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Judge likely to reject bid to block San Francisco campaign ad rules 

Political action groups say San Francisco's donor disclosure requirements for political ads violate the First Amendment.

SAN FRANCISCO (CN) — A federal judge signaled Thursday he will likely deny a political committee’s request for a temporary restraining order against San Francisco's requirement of disclaimers in election ads. 

San Franciscans Supporting Prop B sued City Attorney David Chiu and others on May 11, protesting the city’s requirement that committees must run a message disclosing their campaign’s top three donors of $5,000 or more at the top of campaign ads. If one of those donors is a political action committee, that committee’s top two donors must also be disclosed.

The group, supported by Edwin M. Lee Asian Pacific Democratic Club PAC and Neighbors for a Better San Francisco Advocacy, argues San Francisco’s restrictions, punishable by fines up to $5,000 if violated, are “wholly at odds with the guarantees of the First Amendment.” 

The plaintiffs say the city’s requirement that ads disclose top donors would be “distracting and driving away listeners before they even hear the speaker’s message.”

“Going so far swallows the committee’s communications, scares away donors and otherwise limits speakers’ and donors’ ability to speak and associate, and misleads voters as to who supports the committee’s communications," the plaintiffs say in their complaint.

But U.S. District Judge Charles Breyer has a history of upholding the ordinance. In 2020, he rejected most of a lawsuit seeking to overturn the rules and found that when applied to larger ads, the new rules do not unduly burden free speech and serve a governmental interest “informing voters about who is paying for political advertising” and do not unduly burden free speech.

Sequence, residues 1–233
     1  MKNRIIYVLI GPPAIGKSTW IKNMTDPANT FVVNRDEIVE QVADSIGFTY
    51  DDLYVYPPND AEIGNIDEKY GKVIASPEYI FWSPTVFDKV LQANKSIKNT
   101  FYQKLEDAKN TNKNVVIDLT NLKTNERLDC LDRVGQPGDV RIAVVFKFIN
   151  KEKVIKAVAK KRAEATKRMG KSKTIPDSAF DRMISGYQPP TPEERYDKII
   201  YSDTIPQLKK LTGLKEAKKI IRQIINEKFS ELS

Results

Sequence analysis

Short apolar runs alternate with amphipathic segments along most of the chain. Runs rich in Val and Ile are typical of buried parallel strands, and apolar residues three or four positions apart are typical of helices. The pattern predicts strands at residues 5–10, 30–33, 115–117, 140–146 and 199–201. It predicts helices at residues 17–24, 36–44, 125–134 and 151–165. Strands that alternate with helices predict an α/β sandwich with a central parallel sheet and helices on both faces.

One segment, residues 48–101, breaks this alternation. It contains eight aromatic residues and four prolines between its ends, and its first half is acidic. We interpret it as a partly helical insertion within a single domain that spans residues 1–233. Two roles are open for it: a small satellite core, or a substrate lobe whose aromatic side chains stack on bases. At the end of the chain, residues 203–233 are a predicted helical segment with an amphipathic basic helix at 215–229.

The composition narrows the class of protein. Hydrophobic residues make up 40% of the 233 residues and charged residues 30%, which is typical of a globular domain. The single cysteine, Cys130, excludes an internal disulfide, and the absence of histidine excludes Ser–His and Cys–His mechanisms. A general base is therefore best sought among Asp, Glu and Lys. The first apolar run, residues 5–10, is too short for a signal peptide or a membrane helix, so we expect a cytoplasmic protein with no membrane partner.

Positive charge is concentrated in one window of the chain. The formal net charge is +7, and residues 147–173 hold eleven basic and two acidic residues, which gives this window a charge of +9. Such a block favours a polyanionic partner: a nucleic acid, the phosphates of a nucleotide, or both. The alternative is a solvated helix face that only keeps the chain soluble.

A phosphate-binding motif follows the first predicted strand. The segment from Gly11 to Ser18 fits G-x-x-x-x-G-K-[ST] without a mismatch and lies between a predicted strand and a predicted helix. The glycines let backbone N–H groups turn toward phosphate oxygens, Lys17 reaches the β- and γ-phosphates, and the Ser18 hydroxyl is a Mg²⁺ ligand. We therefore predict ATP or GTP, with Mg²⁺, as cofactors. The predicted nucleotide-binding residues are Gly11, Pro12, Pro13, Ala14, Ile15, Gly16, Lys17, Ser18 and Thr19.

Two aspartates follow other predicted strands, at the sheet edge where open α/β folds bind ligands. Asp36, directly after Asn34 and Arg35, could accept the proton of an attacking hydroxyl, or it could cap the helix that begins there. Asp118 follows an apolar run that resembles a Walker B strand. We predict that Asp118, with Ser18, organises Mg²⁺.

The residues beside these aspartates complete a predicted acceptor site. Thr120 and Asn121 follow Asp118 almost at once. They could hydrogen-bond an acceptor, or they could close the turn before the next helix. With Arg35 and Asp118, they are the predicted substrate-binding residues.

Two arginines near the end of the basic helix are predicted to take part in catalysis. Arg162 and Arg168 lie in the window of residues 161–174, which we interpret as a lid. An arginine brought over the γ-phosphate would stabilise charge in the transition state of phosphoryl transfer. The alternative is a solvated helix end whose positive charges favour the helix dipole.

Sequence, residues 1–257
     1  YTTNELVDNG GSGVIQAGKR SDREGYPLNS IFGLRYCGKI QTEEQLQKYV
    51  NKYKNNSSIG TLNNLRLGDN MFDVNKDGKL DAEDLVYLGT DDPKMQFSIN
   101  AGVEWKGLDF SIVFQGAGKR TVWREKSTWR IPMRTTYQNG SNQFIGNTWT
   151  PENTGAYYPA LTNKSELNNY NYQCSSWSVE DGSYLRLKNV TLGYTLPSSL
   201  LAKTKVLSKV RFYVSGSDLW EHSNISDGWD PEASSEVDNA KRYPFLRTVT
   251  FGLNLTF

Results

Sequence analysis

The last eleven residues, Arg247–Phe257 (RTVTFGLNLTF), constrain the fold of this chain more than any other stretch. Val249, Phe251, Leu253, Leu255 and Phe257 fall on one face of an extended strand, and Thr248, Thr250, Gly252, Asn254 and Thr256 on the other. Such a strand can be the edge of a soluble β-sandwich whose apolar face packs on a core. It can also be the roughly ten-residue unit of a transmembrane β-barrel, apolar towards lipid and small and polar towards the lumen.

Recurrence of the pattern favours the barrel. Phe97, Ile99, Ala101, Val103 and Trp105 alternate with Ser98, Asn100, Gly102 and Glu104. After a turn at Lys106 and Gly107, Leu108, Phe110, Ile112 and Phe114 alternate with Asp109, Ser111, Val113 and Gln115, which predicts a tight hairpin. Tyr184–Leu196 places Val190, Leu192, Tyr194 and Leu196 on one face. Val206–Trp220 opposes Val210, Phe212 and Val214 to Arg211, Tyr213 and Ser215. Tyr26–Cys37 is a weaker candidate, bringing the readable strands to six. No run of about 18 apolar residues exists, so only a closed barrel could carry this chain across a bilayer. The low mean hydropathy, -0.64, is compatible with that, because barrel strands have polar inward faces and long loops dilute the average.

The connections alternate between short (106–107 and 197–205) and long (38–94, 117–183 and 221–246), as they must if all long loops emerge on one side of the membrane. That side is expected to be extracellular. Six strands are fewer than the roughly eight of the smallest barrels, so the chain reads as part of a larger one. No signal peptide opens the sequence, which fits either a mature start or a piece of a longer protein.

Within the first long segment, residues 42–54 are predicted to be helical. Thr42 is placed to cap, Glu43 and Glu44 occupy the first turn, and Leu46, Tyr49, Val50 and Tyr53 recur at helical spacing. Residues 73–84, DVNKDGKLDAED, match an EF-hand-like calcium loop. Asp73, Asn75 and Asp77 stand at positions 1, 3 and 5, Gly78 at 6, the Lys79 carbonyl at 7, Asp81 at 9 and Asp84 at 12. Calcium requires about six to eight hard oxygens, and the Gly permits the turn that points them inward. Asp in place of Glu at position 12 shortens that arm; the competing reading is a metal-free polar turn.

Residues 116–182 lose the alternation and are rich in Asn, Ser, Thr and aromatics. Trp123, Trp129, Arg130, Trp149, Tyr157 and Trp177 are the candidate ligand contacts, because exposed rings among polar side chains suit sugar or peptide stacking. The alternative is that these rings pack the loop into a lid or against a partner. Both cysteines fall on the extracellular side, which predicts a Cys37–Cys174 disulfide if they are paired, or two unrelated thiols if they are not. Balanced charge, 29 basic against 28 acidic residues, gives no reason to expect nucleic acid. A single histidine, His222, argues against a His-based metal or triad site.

Referring to that ruling at a motion for preliminary injunction hearing Thursday, Breyer told the committee’s attorney Owen Yeates, “I appreciate the fact that you no doubt believe I got it wrong, which is fine.”

Yeates, of the nonprofit Institute for Free Speech, argued the two cases are different because the committee’s case does not involve a true disclaimer — only the city’s required disclaimer about donors. 

“We’re dealing with something different, which is requiring donors, that wouldn’t normally be put in disclosure, be put on the face of the communication. By doing that, it does begin to put a limit on campaign activities,” Yeates said. He argued that the city’s required disclaimer would use 30 seconds of ad time, which he called “a substantial change in the content of the communication.” 

Yeates also said voters would be confused by seeing an ad open with a disclaimer mentioning the city attorney’s direction for campaign ads, when Mr. Chiu is not involved with supporting the ad. 

“We don’t even want to have his name on the communication. The city’s the one wanting us to do it,” Yeates said.

Arguing for the city, attorney Tara Steeley noted Breyer has already found the ordinance requirements "are tailored to governmental interest.”

Steeley rebutted claims of voter confusion, citing Washington State Grange v. Washington State Republican Party. "The plaintiffs have not identified a single case that supports this idea that there’s a difference between true disclaimers and disclaimers. That’s what Prop F requires," Steeley said, referring to the proposition from which the ordinance stems.

Breyer did not indicate when he would rule.

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